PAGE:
Robert: “And the key with this experience is that we really wanted to create an immersive environment. We call the game a ‘CCGRPG’ because you’re able to level up your character, go through a full storyline, and hone your skills…and that’s all single player. But we also have ‘brawls’ that allow you and up to four friends go out and fight one enemy.”
Brian: “We really wanted to created an experience where you can actually cooperate your friends on Facebook.”
Robert: “And this is kind of counterintuitive to what some of the bigger players say. You know, the conventional wisdom is that they monetize ‘revenge.’ We monetize cooperation.”
Eli: I think this touches on what we were wrangling with earlier, about a new type of nostalgia. Card games are so naturally a cooperative activity, and with the instant connectivity of Facebook, you can bring people together over their love of these games more quickly and effortlessly than ever. Is cooperative play the link between physical and digital?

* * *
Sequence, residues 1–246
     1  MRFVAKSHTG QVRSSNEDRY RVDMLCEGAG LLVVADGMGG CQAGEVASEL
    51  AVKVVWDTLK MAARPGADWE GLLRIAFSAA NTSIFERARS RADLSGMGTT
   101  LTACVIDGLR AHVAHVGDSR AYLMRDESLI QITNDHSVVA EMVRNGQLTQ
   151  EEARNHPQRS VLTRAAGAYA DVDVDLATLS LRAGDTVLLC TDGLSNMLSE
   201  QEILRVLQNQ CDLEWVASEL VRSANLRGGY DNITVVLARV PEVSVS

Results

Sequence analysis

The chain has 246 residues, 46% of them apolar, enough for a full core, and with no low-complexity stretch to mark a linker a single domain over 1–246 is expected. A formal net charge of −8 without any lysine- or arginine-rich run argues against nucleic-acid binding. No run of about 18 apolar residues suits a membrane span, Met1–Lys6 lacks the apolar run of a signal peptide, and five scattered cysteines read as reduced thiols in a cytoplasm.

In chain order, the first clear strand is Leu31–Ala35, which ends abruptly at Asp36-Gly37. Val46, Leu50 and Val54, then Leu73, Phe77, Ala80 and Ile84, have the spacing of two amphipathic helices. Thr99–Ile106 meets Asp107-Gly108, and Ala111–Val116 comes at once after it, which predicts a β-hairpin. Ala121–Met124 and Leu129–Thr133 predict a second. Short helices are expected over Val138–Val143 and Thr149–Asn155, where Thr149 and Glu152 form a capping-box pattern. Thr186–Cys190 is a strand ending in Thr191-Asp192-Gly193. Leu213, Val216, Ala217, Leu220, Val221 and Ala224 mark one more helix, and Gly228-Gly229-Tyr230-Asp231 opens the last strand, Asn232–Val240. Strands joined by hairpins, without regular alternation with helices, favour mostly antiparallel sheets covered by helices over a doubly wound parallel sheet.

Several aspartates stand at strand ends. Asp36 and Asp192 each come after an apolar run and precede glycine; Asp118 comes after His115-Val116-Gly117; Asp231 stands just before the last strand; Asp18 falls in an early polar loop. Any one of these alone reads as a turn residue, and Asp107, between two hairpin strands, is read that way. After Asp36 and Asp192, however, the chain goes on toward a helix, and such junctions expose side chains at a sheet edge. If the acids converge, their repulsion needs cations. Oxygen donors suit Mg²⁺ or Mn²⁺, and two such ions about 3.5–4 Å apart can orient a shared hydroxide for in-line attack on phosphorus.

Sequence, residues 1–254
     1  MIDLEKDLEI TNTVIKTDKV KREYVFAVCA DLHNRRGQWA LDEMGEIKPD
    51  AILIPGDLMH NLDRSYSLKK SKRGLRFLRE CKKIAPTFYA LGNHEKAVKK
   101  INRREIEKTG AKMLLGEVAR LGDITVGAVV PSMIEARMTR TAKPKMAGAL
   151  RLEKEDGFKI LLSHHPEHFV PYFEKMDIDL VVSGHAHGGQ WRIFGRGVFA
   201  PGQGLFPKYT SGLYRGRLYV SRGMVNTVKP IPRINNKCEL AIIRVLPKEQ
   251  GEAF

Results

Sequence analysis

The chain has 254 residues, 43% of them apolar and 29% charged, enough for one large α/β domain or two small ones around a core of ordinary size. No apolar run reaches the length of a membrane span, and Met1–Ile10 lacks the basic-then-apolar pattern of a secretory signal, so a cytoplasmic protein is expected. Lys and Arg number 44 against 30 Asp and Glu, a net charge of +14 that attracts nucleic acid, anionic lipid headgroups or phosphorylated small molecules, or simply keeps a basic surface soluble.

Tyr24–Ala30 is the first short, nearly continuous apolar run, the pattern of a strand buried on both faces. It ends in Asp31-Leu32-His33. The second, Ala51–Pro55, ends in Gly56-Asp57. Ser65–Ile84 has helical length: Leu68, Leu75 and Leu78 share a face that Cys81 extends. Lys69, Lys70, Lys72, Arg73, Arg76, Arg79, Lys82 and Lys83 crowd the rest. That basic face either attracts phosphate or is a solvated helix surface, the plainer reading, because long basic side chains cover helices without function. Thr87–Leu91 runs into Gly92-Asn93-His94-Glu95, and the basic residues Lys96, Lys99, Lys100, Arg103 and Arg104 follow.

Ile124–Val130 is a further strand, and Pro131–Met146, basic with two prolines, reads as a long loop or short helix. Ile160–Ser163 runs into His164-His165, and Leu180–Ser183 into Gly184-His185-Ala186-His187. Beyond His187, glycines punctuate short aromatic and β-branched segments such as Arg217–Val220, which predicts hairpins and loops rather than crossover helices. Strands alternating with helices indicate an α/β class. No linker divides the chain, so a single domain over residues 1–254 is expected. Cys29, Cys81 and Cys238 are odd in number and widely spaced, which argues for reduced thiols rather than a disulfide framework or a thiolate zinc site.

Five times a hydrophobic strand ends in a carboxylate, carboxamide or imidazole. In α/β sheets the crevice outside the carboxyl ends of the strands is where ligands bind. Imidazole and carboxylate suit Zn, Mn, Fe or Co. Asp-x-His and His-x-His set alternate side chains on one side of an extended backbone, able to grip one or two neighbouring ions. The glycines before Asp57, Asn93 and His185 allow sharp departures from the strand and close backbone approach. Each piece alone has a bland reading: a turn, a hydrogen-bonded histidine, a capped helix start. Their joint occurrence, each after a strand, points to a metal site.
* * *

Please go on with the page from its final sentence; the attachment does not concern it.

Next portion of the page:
Robert: “I think it comes down to immersive play. We want to have the richest story, and art, and play experience possible. But being social, being cooperative…I mean, my best memories of Magic involve playing with people.”
Brian: “I second this idea of immersion. My mission statement going into this was to create a game that was as true as possible to the superhero genre, to the comic medium, and all in a way that didn’t simply give a wink and a nod to its existence. This meant working with some of the best comic artists available, who are all working at publishers like DC and Marvel, and I am so proud to have worked on this game. And I think the moment for me was at ComicCon, having dinner with our artists, and hearing them say, ‘when we can we tell more of these stories? We want to read the comic books for these people!’